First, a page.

An outbreak at a U.S. military base in Japan is fueling concern about the omicron variant, months after the nation saw a record delta wave of infections ebb.

More than 180 people are part of the cluster at Camp Hansen in Okinawa Prefecture, Chief Cabinet Secretary Hirokazu Matsuno told reporters Monday. Though it’s unclear how many, if any, of the infections were caused by the omicron variant because the military doesn’t genetically sequence its cases, concern is growing that the highly transmissible new variant is spreading as two people connected to the base have been confirmed to have it.

They are an American woman in her 50s who works at Camp Hansen and her Japanese husband, who is in his 60s, the Okinawa Times reported Sunday. The couple lives outside of the military facility. About 60 people have been identified as their close contacts.

While infection control measures such as wearing masks are in place, Japanese officials have requested further restrictions on activities inside and outside the base in order to alleviate the anxiety of local residents, Matsuno said. People who violate the rules should be punished for the infractions, he said.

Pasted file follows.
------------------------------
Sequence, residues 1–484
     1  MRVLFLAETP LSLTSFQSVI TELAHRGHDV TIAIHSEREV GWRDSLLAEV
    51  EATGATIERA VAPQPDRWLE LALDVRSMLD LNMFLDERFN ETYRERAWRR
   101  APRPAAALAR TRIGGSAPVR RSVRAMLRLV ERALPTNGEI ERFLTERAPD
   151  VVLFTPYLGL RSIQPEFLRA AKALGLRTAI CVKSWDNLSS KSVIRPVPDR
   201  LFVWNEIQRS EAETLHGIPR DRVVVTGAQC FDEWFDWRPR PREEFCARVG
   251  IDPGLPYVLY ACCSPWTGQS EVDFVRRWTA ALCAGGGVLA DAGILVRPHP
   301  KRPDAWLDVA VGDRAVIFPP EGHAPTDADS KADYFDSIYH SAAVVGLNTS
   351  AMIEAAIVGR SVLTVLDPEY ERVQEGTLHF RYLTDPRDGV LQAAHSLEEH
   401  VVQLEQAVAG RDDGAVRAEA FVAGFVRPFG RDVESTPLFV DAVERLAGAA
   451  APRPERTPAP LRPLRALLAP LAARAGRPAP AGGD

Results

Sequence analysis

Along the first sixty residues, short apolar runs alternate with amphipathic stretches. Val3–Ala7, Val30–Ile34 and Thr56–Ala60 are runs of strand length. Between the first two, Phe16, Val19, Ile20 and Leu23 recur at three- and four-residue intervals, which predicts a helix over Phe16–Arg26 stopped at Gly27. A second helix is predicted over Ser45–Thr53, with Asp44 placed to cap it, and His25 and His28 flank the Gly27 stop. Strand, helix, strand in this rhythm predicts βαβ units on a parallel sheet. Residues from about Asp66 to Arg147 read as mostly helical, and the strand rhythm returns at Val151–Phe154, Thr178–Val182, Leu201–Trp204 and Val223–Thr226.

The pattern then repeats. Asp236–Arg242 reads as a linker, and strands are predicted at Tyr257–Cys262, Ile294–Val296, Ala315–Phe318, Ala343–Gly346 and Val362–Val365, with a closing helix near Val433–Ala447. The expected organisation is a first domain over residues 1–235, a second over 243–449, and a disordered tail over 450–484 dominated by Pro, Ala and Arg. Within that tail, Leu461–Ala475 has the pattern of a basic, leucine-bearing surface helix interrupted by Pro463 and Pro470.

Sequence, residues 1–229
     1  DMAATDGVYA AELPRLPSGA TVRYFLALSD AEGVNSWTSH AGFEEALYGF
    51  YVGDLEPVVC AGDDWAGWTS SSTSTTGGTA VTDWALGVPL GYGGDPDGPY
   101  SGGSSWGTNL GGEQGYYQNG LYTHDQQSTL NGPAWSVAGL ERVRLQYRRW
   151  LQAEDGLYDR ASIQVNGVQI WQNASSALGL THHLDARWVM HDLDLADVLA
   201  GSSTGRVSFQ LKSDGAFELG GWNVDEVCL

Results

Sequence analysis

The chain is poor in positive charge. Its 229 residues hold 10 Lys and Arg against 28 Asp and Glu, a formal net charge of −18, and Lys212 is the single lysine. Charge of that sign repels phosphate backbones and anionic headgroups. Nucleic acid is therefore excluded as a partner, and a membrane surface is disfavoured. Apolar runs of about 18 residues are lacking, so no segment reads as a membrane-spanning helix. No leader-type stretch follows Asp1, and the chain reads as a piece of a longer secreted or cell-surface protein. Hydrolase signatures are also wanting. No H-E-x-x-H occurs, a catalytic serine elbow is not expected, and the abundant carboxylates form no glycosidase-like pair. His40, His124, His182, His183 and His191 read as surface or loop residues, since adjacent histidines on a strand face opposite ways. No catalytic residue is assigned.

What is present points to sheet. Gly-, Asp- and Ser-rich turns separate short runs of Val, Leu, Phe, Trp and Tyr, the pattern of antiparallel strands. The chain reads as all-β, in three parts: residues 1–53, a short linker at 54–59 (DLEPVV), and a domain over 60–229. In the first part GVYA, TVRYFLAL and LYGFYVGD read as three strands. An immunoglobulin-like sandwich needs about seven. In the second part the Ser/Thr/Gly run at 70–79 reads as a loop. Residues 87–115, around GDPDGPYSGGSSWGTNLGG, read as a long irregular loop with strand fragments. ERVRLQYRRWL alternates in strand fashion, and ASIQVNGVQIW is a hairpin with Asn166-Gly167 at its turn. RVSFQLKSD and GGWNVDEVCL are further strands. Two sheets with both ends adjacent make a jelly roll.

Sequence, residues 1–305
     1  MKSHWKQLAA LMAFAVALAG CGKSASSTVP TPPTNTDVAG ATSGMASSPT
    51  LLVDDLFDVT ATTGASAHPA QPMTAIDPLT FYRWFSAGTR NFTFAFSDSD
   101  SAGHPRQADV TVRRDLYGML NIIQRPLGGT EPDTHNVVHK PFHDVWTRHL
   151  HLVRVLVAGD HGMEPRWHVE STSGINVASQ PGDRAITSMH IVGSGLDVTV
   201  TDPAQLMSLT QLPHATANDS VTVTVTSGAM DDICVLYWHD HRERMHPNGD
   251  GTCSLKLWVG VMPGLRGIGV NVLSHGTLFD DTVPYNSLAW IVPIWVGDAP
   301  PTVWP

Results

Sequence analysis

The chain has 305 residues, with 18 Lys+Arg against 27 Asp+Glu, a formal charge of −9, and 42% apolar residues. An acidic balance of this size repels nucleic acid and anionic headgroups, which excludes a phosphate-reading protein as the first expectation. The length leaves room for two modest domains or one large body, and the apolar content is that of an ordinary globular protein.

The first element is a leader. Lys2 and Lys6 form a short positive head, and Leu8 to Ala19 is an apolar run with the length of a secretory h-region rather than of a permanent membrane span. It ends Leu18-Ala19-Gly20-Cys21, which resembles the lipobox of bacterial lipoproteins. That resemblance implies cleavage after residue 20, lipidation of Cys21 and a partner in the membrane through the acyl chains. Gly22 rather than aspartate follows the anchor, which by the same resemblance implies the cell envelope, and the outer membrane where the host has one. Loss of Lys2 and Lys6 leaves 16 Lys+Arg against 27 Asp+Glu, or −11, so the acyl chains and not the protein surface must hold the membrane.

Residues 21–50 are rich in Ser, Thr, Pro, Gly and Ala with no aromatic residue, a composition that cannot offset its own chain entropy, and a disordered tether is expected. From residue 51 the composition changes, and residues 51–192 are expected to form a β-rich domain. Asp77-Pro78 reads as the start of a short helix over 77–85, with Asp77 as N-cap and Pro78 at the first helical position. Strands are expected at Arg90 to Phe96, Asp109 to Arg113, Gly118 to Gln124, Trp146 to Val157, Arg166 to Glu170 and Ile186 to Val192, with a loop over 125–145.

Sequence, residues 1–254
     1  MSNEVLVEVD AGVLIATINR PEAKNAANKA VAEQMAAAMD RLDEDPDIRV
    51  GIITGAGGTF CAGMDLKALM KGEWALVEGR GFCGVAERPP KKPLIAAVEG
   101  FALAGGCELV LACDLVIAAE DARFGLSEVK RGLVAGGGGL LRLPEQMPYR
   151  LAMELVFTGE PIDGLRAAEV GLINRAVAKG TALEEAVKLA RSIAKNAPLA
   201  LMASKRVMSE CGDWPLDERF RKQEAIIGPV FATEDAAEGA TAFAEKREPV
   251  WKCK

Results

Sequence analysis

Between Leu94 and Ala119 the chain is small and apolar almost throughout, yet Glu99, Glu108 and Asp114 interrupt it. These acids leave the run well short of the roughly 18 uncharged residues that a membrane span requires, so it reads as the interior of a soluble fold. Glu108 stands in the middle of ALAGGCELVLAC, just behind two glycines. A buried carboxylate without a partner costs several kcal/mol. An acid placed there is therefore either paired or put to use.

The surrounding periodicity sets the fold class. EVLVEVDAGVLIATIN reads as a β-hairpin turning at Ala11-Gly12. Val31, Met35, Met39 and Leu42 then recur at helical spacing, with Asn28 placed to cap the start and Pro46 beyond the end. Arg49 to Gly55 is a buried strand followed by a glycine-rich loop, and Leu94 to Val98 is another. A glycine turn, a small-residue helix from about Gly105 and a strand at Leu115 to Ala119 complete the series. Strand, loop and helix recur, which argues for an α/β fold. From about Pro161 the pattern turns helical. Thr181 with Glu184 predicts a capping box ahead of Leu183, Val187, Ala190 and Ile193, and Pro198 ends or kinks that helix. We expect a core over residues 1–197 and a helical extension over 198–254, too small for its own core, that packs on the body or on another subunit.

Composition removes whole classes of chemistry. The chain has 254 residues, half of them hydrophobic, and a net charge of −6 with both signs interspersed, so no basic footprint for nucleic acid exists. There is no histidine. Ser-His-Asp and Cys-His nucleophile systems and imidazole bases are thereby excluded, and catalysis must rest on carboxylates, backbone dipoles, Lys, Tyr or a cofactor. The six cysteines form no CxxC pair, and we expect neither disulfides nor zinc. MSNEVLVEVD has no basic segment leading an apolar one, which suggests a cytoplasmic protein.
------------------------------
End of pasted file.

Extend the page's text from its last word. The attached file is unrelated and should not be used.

Those who are diagnosed with the virus are strictly isolated on the base and their close contacts are being traced jointly with the local government, Matsuno said.

The number of COVID-19 cases in Japan plunged to less than 100 a day, a 17-month low, in November, down from a daily peak of 25,000 during the summer, despite reopening the economy in October. Well over 77% of the population of 126 million is completely vaccinated, making Japan one of the most immunized developed countries in the world.

So far the nation has seen a total of 65 cases of omicron, and most were detected at the border. When the new variant was first identified last month, Japan halted new entries by foreign nationals to stop its spread, one of the most aggressive reactions globally.

Prime Minister Fumio Kishida has pledged to expedite a rollout of vaccine booster shots for the most vulnerable people.

It’s not the first time American military bases helped the virus spread in Japan. COVID-19 clusters emerged last year following Fourth of July celebrations when U.S. personnel visited off-base beach parties and drinking spots. The incidents led the local government to make several requests, including halting transfers of U.S. personnel to the prefecture.

Okinawa is home to about half of the 54,000 U.S. personnel in Japan, and the heavy American presence has been a source of contention since the end of World War II.

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